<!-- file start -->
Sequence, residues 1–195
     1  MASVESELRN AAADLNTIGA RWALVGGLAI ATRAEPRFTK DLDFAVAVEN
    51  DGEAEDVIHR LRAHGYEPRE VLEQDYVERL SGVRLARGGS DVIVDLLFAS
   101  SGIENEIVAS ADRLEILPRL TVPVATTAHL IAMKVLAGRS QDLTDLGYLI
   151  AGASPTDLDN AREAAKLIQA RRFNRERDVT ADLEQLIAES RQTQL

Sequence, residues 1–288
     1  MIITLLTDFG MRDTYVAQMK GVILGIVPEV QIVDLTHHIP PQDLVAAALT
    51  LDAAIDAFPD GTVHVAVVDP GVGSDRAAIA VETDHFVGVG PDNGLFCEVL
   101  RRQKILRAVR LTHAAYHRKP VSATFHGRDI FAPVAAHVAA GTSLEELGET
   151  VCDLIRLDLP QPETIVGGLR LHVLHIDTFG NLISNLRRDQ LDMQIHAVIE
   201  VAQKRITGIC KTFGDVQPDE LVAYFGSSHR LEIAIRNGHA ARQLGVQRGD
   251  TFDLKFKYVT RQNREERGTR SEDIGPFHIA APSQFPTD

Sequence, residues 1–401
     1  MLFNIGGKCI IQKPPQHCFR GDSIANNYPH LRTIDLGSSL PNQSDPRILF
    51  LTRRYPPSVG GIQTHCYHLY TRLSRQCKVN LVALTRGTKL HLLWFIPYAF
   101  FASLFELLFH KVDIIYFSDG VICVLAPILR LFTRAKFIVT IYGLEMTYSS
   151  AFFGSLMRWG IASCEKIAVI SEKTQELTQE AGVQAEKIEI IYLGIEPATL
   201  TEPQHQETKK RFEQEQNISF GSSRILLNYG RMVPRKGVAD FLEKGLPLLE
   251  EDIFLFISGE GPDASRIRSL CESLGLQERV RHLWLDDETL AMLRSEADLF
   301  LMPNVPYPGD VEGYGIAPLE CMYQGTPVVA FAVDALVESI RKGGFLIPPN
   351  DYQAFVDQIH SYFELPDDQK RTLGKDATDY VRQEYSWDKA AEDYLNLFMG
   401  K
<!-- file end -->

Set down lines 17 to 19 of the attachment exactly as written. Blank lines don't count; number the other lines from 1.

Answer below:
   151  AFFGSLMRWG IASCEKIAVI SEKTQELTQE AGVQAEKIEI IYLGIEPATL
   201  TEPQHQETKK RFEQEQNISF GSSRILLNYG RMVPRKGVAD FLEKGLPLLE
   251  EDIFLFISGE GPDASRIRSL CESLGLQERV RHLWLDDETL AMLRSEADLF